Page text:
The mandatory vaccination requirement does not apply to individuals who, according to Ministry of Health guidelines, have contraindications to vaccination (pregnant women, individuals under the age of 18, people with acute diseases, etc.). However, these individuals are not excluded from the number of employees covered by the 60%.
Vaccination dates vary by region. For example, in Moscow the first dose of a two-dose vaccine or single-dose vaccine must be given by 15 July 2021, and the second dose of a two-dose vaccine by 15 August 2021. In the Leningrad Region, similar measures must be implemented by 1 September 2021.
For employers operating in Moscow, the Moscow Region and the Altai Republic, it is mandatory to submit reports on vaccinated employees according to the form specified in the regional acts. In Moscow, such data is provided electronically through the employer’s personal account on the official website of the Mayor and Government of Moscow from 1 to 15 July 2021.
Employer’s actions to ensure vaccination
In order to comply with the mandatory vaccination requirements, employers should:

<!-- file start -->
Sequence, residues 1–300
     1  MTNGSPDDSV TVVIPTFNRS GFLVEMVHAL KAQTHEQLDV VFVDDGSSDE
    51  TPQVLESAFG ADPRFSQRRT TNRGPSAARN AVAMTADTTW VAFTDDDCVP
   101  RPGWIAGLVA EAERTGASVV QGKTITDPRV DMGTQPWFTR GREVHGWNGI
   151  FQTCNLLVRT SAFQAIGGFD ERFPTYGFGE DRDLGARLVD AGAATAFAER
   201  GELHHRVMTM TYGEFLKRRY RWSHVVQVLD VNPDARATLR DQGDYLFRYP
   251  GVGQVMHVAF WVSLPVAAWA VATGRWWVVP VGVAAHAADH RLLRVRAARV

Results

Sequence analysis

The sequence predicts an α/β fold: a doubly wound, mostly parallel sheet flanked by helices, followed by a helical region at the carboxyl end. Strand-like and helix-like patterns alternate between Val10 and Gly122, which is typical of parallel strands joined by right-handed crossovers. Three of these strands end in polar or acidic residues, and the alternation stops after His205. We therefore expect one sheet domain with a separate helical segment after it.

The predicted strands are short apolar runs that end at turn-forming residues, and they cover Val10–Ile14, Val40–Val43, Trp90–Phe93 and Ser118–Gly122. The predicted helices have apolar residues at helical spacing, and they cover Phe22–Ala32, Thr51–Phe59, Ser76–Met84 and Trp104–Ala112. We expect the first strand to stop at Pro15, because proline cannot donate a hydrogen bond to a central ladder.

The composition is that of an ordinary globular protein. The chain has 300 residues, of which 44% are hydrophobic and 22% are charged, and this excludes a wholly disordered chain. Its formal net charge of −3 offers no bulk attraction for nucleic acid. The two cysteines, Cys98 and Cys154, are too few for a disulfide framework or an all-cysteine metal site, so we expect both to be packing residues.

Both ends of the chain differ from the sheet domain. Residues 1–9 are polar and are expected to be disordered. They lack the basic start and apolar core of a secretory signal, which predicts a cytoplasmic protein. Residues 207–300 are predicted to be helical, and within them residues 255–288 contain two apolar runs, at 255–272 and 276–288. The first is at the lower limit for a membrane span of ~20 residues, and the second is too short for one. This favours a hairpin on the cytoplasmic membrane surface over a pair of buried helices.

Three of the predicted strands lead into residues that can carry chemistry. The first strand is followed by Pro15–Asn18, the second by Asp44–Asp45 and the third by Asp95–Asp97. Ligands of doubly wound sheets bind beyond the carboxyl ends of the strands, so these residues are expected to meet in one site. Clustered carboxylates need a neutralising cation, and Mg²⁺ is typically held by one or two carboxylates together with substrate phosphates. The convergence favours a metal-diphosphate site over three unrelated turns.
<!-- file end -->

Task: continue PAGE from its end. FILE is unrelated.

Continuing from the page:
- issue a vaccination order;
- raise employee awareness;
- notify each employee in writing of the need:
- to get vaccinated and provide a certificate of vaccination; or
- to provide a medical exemption certificate; or
- to provide a written refusal to vaccinate stating the reasons.
Please note that according to the explanations of the Federal Labour Office, employers are not required to request separate consents from employees to process employees’ personal data (information about vaccination against COVID-19, the presence of IgG antibodies, SNILS, MHI policy number, passport data, cell phone number).
To encourage employees to get vaccinated, employers may create in-house policies instituting a system of bonuses for vaccinated employees, provide paid leave(s), etc.
What to do with an employee who refuses to be vaccinated
Employees have the right to refuse to be vaccinated against COVID-19 on the basis of Art. 5 of the Federal Law “On Immunoprophylaxis of Infectious Diseases” dated 17/09/1998, No. 157-FZ (“Immunoprophylaxis Law”).